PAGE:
106 note (bank note) bill bill came to US from Britain, then mostly forgotten in UK in this sense
106 trendsetter   often with a hyphen; 1960ish
106   brush (=cut-down branches) orig. British but noted as an Americanism in early 19th c
106   hick originated in Britain; now mainly American
106   sharp dresser for fashion; UK smart is a possible synonym
107   smarts for ‘natural intelligence, acumen’; US 1960s or earlier
108 smart casual    
109 petrol gas(oline)  
109   Americano (coffee) Italian & Spanish—as an English word, first cited in US 1960s
109   guy the word is British, but using it generally to mean ‘man’ is US, mid-1800s
111 dandy (n.)   late 18th c for ‘fashion victim’
111 estate agent real estate agent also in AmE: realtor
112   finicky from northern England or Scotland to US back to UK
112   jagger W Pennsylvania dialect from Scots-Irish 
112   neb W Pennsylvania dialect from Scots-Irish 
112   Old Country referring to one’s pre-immigration land; first citation is Benjamin Franklin 1751
112   whenever (meaning when) W Pennsylvania dialect from Scots-Irish immigrants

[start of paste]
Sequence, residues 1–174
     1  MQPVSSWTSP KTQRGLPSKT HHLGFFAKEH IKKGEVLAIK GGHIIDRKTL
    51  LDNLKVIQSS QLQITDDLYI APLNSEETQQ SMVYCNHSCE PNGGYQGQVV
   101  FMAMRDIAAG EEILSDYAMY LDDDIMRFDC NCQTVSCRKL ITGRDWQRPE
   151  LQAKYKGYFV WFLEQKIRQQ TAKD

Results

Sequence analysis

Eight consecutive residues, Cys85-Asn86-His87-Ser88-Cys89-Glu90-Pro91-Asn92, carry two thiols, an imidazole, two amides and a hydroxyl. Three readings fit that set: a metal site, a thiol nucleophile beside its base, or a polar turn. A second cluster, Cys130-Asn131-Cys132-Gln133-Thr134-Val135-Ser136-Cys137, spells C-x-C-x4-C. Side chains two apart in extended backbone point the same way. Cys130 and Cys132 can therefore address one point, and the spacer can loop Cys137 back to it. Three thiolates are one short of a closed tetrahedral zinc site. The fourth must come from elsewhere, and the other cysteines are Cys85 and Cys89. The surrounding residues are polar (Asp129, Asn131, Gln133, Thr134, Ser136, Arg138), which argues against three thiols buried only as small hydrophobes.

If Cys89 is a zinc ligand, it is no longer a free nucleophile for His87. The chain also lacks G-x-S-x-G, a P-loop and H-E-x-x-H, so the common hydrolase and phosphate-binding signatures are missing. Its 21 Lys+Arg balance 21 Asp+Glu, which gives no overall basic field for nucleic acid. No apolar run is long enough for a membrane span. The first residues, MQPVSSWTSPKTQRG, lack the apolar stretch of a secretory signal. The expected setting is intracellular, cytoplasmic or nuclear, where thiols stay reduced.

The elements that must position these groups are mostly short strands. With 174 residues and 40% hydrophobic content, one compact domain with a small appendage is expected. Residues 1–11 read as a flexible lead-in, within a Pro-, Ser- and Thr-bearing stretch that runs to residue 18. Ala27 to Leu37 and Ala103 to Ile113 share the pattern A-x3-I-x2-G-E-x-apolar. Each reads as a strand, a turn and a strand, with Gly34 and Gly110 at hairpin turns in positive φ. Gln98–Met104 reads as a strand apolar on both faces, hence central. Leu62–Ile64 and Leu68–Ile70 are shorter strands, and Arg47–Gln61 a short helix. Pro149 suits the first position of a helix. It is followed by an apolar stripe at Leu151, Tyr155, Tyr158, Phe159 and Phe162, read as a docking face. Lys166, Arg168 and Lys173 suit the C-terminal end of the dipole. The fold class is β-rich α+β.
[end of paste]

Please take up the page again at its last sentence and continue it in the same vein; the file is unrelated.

113 jug pitcher for the vessel
113 posh   early 20th c
113   buck (v. trans.) ‘to butt against; to oppose’, mid-19th c
113   hamburger turn of 20th c (orig. hamburger steak)
113   hillbilly  
114 sub-editor copy editor  sub-editor is more used in newspaper publishing, not so much for books, etc.
114   beat the s(hit) out of  1920s
115 go about (VERBing) go around (VERBing)  
115 haitch, aitch aitch  
116 niggling   in the current ‘annoying’ sense, UK 1850s; found in US, but not as much
123 Establishment, the   early 20th c
123   fan  in the ‘keen spectator of a sport’ sense, orig US late 19th c
124 kick your arse kick your ass the British version is older
125 match game when referring, e.g. to football/soccer
125   damn (adj.) instead of damned; late 18th c
126 expiry expiration British origin; now considered American 
126 physicality   British origin; complained about as an Americanism
126 rail station train station British origin; now considered American 
126 transport transportation British origin; now considered American 
126 zed zee zee probably originated in Britain
126   alphabetize British origin; now considered American